Community Solar Gardens, or CSGs are positioned to drive the next wave of growth for the solar industry. Until recently, investing in solar energy to offset personal energy consumption was reserved for homeowners with adequate south-facing roof space and good credit. CSGs allow a group of homeowners, renters, condo dwellers, and businesses (essentially anyone) to share the benefits of a single solar installation. Most CSG models today benefit from net metering (NEM) to offset the subscribers personal energy consumption. In essence, net metering allows CSG subscribers to use the grid for energy storage.
The CSG generates excess electricity during the day while the subscriber consumes electricity around the clock, and it all levels out at the end of the month.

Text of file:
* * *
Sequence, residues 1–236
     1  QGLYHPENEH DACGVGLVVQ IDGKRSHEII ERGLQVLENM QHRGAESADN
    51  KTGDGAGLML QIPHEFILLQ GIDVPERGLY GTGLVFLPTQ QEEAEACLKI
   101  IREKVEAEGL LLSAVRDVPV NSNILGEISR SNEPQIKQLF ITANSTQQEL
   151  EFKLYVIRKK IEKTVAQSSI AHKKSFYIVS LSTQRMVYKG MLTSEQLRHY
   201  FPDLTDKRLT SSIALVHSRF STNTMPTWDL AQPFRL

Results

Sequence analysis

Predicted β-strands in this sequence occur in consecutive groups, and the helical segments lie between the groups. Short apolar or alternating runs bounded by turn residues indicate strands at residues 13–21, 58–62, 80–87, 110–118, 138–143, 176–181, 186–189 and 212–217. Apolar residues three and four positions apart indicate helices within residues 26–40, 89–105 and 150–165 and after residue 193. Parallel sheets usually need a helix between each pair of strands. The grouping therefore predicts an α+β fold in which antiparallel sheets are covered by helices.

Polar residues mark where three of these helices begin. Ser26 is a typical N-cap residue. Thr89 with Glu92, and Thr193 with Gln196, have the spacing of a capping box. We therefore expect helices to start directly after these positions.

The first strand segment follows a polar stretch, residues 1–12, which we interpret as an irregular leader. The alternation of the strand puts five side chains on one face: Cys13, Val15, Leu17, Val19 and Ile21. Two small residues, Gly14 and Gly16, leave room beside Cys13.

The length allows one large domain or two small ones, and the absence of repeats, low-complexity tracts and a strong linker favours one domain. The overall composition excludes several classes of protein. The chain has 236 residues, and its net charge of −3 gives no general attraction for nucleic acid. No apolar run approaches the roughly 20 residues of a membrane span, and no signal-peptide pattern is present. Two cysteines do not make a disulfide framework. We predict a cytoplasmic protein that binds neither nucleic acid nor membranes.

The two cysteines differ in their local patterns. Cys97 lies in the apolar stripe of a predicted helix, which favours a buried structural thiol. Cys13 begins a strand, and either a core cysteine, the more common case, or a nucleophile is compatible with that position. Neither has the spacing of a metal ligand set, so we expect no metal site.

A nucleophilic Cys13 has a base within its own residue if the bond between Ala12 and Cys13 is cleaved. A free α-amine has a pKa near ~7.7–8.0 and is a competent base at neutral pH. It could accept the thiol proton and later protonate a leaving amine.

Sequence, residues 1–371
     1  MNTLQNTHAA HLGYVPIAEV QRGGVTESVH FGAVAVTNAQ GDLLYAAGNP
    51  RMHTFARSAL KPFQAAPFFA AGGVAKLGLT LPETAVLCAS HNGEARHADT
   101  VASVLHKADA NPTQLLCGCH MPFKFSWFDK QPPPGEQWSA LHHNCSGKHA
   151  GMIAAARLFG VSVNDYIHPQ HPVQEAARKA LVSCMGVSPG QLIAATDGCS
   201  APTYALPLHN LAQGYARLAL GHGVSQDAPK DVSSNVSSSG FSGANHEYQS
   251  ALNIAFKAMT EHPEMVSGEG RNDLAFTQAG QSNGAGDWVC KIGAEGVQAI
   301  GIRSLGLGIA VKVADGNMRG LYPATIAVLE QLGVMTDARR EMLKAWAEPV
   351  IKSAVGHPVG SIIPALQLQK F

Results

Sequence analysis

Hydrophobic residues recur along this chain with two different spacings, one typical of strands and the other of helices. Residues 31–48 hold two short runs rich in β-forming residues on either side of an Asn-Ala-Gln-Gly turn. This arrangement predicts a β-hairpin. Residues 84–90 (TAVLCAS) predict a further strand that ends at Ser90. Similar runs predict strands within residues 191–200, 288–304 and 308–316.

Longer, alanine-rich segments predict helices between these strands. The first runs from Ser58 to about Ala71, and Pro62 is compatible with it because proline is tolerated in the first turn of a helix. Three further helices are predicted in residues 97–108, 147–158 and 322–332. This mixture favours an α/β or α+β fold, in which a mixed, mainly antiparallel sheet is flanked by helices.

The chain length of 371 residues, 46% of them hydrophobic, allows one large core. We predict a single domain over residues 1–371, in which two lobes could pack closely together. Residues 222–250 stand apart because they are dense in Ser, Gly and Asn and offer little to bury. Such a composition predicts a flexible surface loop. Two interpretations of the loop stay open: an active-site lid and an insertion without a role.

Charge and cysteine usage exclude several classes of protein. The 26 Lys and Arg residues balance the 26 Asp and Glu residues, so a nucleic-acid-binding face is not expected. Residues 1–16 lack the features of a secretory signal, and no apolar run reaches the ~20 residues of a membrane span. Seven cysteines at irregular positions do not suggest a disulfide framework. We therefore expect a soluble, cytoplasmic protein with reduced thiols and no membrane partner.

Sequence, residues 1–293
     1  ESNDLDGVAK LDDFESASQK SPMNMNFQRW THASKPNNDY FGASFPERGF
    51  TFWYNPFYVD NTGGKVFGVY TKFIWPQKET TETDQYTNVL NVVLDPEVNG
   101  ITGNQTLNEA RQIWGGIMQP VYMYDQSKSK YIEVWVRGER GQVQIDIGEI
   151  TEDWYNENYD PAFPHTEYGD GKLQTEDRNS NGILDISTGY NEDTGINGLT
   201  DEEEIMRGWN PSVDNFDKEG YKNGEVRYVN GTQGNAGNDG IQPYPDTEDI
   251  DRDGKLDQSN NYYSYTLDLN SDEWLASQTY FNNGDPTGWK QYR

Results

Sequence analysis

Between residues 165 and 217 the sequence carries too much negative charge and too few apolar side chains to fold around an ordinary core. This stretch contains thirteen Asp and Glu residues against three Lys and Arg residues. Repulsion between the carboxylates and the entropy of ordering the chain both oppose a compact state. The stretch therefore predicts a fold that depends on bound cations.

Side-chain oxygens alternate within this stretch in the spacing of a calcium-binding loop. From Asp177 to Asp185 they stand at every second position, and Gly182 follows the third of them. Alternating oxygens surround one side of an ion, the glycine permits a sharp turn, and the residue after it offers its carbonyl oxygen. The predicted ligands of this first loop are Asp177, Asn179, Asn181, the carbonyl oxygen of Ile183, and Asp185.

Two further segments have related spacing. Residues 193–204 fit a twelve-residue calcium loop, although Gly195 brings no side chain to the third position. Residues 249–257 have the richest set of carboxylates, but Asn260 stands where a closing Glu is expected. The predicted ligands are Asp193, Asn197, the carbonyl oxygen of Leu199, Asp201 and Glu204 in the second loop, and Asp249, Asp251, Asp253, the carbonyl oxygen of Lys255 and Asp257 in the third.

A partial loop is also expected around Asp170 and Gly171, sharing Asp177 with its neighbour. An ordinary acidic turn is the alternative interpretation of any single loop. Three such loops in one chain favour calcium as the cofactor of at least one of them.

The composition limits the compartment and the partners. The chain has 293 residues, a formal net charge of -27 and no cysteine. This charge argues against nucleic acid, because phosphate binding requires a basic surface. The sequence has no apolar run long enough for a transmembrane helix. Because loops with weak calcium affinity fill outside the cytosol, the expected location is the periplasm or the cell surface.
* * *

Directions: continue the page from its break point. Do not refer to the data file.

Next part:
The problem with Net Metering is that electric utilities hate it. Indeed, as solar penetration levels reach a certain level net metering will no longer be viable, as it pushes all the costs of maintaining the grid to the remaining non-solar customers. As utilities fight net metering it seems conceivable that the CSG model will be adopted as an instrument of grid defection for customers to take advantage of plummeting cost of solar panels and batteries.
Community Solar + Microgrids = Community Microgrids
As it becomes economical to disconnect from the grid in places like Hawaii and the Caribbean, shared solar models will be a way to bring microgrids to entire neighborhoods. Neighborhoods will be able to share a central solar installation, battery bank, wind turbines, and backup generator. A Shared Microgrid model could send price signals to incentivize subscribers to use energy when it is abundant. Energy prices could potentially be free during solar hours, cheap when batteries are full, and very expensive when batteries get low.
The kicker: A Shared Microgrid model could speed up the utility death spiral that makes such a model even more economical.
New York regulators are pushing for microgrid projects to join with community solar gardens. More soon.
See also, A Guide to Community Solar, by NREL